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Hurricane Hermine hits Florida, weakens into tropical storm


ST. MARKS, Florida — Hurricane Hermine made landfall in Florida with a furious mix of rain, whistling winds and surging waves — then weakened into a tropical storm as it wobbled toward Georgia.

Hermine, which had maximum sustained winds of 80 mph, was the first hurricane to come ashore in Florida since Wilma struck 11 years ago.

It made landfall in the Big Bend area, a part of the coast where the state’s peninsula meets the Panhandle.

In Tallahassee, more than 70,000 utility customers were without power as winds and rain lashed the city.


A few hours after landfall, Hurricane Hermine weakened into a tropical storm, according to the National Hurricane Center.

All hurricane watches and warnings were dropped but tropical storm warnings remained for parts of the Florida Gulf Coast, Georgia and up through North Carolina.

By dawn Friday, the tropical storm was 20 miles west of Valdosta, GA, and moving north at 14 mph, according to the National Hurricane Center.

“This motion is expected to continue today and Saturday,” it said. “On the forecast track, the center of Hermine should continue to move farther inland across southeastern Georgia today and into the Carolinas tonight and Saturday.”

Its maximum sustained winds decreased to 70 mph, with additional weakening forecast as it moves farther inland.

It may also spawn a few tornadoes in northern Florida and southern Georgia.

‘You cannot rebuild a life’

Despite its short brush with Florida, life-threatening inundation remains a risk after rain pounded the Gulf Coast since Wednesday. Forecasters say much more is in store.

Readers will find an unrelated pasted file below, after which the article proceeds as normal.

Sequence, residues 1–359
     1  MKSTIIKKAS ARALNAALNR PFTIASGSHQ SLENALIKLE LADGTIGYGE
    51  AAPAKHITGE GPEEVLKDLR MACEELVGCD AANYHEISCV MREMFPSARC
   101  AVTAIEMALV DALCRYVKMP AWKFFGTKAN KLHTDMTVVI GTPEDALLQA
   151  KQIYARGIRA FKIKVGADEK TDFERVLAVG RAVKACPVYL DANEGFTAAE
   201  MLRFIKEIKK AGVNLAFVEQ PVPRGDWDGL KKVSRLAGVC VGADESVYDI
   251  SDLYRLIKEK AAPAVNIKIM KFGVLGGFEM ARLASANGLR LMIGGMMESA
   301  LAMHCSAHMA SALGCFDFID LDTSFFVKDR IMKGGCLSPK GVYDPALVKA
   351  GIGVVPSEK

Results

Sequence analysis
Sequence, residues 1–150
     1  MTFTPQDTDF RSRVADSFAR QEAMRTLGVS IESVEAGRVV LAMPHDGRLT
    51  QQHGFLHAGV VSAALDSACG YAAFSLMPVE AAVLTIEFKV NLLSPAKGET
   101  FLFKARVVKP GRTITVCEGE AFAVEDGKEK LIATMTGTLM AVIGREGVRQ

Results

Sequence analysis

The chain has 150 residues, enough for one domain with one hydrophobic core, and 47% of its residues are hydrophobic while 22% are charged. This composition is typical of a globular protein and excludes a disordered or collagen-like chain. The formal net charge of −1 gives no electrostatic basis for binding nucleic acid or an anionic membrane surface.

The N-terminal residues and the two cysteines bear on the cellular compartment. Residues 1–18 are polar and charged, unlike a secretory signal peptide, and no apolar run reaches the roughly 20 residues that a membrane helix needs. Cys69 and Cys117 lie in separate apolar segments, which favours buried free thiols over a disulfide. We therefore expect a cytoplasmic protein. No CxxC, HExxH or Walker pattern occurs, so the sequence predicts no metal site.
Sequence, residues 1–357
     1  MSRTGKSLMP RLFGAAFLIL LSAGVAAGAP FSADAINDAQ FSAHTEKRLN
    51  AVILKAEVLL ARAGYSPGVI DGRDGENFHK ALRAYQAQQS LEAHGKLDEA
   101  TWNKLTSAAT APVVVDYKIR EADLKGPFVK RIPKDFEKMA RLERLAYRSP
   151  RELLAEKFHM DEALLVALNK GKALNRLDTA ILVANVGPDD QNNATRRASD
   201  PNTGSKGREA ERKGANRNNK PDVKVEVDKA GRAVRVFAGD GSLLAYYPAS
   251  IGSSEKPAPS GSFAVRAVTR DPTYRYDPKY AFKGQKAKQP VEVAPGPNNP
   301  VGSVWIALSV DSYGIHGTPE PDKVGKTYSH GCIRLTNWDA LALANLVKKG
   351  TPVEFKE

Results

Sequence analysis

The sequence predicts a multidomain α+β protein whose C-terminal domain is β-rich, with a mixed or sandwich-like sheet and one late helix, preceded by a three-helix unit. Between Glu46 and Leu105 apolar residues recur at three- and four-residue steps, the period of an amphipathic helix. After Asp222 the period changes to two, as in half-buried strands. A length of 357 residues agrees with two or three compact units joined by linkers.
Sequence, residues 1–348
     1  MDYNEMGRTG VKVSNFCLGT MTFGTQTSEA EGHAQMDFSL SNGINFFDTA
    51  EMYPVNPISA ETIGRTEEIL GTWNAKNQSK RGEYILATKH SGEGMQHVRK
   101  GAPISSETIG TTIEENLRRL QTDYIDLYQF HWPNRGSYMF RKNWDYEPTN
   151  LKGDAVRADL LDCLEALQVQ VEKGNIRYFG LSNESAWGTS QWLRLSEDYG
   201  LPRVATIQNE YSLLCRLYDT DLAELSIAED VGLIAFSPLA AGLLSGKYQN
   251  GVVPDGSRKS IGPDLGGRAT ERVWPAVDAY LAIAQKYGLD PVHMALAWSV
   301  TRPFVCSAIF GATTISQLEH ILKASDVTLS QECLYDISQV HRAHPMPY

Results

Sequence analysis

Several counties issued mandatory evacuation notices for Gulf Coast communities on the water or in low-lying areas.

A tornado watch was in effect for dozens of Florida and Georgia counties until 8 a.m. ET on Friday.

“This is life-threatening,” Florida Gov. Rick Scott said Thursday as he urged residents to heed warnings. “We have a hurricane. You can rebuild a home. You can rebuild property. You cannot rebuild a life.”

He urged residents not to drive into standing water and to avoid downed power lines, saying crews are hard at work to ensure limited disruptions.

“We have 6,000 members of the national guard ready to be mobilized,” he said.

A few hours before landfall, Hermine lashed Apalachicola, Tallahassee, St. Petersburg and other cities.

The surge of ocean water could be as high as 9 feet above normal levels, forecasters said, as authorities warned its effect was not limited to Florida.

After making landfall in Florida, it could move into southeastern Georgia early Friday, the National Hurricane Center said before landfall.

“The center should then move near or over eastern South Carolina on Friday night and near or over eastern North Carolina on Saturday,” it said.
The storm is expected to deluge coastal Mid-Atlantic states from Virginia to New Jersey beginning early Saturday, according to the National Hurricane Center.